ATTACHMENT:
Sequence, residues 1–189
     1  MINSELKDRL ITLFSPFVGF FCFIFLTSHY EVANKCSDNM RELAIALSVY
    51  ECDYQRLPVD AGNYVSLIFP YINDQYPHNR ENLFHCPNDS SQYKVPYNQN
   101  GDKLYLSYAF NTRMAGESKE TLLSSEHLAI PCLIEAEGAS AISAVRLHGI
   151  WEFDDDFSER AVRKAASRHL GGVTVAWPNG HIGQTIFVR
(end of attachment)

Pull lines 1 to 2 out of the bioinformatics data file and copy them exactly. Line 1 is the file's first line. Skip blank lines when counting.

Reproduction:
Sequence, residues 1–189
     1  MINSELKDRL ITLFSPFVGF FCFIFLTSHY EVANKCSDNM RELAIALSVY